Facebook has just made a case to increase the cost of advertising on the Internet. In a brazen move the corporate behemoth started paying content creators for a limited time license to their content. In a statement
If Facebook succeeds in getting more people to watch its original series on its platform, it could help the company solve a major issue they are facing: Having too many ads. The company has acknowledged its NewsFeed is growing overstuffed with ads. If people watch shows, they’ll be spending more time on Facebook. That would allow the company to charge more for ads because users are more engaged, without having to increase the number of ads on the platform.
What we like is that the Blockchain team, run by co-founders Peter Smith and Nic Cary, have built a platform that will allow them to be the custodian of any digital assets should alternate use cases of blockchain technology reach critical mass.
This is big news… notTV is re-inventing local television on a global scale, starting with Canada. Meanwhile, in the United States small Cable Operators have grave concerns over a potential merger between Sinclair Broadcast Group and Tribune Media which would give Sinclair an alleged dominance over the local TV marketplace.
Here’s an excerpt of the article published on variety.com:
A coalition of TV and media industry entities is urging the FCC to reject Sinclair Broadcast Group’s proposed $3.9 billion acquisition of Tribune Media, arguing that the combination would give Sinclair a dangerous level of power over the local TV marketplace.
What this basically says is that if the producer is hiring someone through a loan-out corporation the producer needs to consider:
“If the Composer is not an employee of the loan-out and there is no contract in place between the Composer and the loan-out, or there is a contract which expressly states that the Score is not a WMICE, then the Score is not a WMICE and it is subject to the reversionary interest. Meaning that the rights in the Score will revert to the Composer’s estate/heirs twenty-five years after the Composer dies.”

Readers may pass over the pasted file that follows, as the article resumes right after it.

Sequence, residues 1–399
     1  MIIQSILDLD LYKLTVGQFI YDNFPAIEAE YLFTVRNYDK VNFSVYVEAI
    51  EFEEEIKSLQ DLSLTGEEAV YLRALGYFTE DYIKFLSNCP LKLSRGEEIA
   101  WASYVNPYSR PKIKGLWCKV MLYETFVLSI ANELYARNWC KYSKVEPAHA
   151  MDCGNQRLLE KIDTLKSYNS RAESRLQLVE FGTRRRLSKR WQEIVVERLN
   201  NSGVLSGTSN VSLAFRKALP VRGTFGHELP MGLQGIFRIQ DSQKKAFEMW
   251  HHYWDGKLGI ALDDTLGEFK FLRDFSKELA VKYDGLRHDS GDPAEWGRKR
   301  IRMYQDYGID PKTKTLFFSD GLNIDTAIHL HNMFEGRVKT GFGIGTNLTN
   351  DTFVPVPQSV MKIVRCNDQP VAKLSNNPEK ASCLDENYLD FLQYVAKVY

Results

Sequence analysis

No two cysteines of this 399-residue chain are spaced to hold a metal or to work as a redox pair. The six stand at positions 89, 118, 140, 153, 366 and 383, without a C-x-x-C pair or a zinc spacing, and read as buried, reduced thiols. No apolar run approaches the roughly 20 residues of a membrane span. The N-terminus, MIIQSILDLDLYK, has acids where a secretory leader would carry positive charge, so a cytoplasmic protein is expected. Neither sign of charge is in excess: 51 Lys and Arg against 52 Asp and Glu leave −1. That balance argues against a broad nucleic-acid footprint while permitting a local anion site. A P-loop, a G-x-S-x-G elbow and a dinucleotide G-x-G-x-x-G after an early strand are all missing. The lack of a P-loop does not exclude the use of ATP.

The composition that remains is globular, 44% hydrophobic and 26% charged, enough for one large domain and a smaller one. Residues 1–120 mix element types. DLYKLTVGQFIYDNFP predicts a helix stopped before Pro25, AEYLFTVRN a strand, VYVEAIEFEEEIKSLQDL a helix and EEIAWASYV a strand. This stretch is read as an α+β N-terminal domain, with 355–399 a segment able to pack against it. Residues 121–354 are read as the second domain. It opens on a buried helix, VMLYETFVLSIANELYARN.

“If the Composer is an employee of the loan-out (which would make the Score a WMICE), or there is a contract between the Composer and the loan-out which has the effect of making the Score a WMICE, then the Score is not subject to the reversionary interest, and the producer’s ownership/control of the Score is not affected by the statutory reversion.”
get a copy of either:
a) an employment agreement between the person being hired and his/her loan-out corporation that says, “work made in the course of employment” belongs to the corporation
we would need to look at whether there is a contract in place between the Composer and the loan-out. If there is a contract, we need to determine whether it is “contract of service” (which would make the Score a WMICE), rather than a “contract for services” (which would mean the Score is not a WMICE).
If the Composer is an employee of the loan-out (which would make the Score a WMICE), or there is a contract between the Composer and the loan-out which has the effect of making the Score a WMICE, then the Score is not subject to the reversionary interest, and the producer’s ownership/control of the Score is not affected by the statutory reversion.